The first peer-reviewed article reporting beneficial regenerative effects of heterochronic parabiosis (the linking of blood circulation of a young and an old mouse) appeared about 13 years ago, in 2005 (Ref: Rejuvenation of aged progenitor cells by exposure to a young systemic environment, https://www.ncbi.nlm.nih.gov/pubmed/15716955) Since then, multiple top universities, including Stanford, U.C. Berkeley, Harvard, University of Toronto, and Duke University have repeatedly shown in follow-on studies that the lost regenerative potential of tissues in older animal can be recovered, at least temporarily, by exposure to younger blood circulation. Then, as discussed above, the Conboy laboratory at U.C. Berkeley showed that even a single blood exchange from a young to an old mouse can have this regenerating effect, within a few days. These studies have built a robust foundation for the use of youthful blood as a clinical treatment. Although the specific factors in young blood that endow the regenerative potential are not definitively known, some soluble factors of interest include the chemokine protein CCL11, the growth differentiation factor 11, a member of the TGF-β superfamily, and oxytocin. Whether eventually the best clinical approach will be to give whole blood or to simply deliver one or a few specific protein factors remains an open question, which requires further study. (Ref: The Fountain of Youth: A tale of parabiosis, stem cells, and rejuvenation, https://www.ncbi.nlm.nih.gov/pmc/articles/PMC5662775/) Reviews on this topic include the following: (Ref: Heterochronic parabiosis: historical perspective and methodological considerations for studies of aging and longevity, https://www.ncbi.nlm.nih.gov/pmc/articles/PMC4072458/) (Ref: Systemic Problems: A perspective on stem cell aging and rejuvenation https://www.ncbi.nlm.nih.gov/pubmed/26540176)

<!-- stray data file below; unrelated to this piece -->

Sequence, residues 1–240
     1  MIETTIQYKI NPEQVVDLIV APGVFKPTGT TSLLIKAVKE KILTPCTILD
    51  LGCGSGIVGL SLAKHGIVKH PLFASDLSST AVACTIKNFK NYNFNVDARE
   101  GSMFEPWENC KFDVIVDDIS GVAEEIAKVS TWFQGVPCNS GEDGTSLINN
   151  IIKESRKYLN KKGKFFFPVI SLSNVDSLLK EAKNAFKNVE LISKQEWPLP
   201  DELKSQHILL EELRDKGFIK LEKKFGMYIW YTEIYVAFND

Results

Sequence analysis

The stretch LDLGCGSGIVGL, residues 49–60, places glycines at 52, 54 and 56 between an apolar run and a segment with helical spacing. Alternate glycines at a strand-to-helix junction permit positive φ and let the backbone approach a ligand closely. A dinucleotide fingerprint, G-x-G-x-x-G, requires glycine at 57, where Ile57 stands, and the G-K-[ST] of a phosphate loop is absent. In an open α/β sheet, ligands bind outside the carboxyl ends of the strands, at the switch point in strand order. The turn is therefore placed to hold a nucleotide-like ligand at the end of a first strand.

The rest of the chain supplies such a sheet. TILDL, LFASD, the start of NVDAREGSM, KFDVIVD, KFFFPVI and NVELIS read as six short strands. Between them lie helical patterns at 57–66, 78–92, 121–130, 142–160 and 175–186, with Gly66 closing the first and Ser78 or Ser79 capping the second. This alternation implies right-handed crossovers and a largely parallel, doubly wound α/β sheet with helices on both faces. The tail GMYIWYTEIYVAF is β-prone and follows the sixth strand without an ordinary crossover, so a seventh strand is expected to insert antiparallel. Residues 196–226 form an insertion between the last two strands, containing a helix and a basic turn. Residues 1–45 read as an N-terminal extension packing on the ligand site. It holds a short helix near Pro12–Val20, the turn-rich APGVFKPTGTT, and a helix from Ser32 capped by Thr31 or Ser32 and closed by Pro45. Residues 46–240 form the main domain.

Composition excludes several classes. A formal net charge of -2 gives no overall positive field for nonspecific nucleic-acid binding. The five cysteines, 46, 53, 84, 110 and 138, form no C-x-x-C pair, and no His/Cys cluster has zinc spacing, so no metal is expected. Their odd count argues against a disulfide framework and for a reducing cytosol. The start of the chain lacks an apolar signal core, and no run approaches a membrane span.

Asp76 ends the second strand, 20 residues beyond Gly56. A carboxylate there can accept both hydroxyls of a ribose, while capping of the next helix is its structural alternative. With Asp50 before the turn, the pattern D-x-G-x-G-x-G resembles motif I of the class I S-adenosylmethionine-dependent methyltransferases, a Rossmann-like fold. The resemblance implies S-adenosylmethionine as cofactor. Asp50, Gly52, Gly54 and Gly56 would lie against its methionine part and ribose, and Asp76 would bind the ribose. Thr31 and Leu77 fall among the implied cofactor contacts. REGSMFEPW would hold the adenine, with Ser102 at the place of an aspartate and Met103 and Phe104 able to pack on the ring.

Therapeutic Plasma Exchange for Treatment of Neurological Diseases: Prior Studies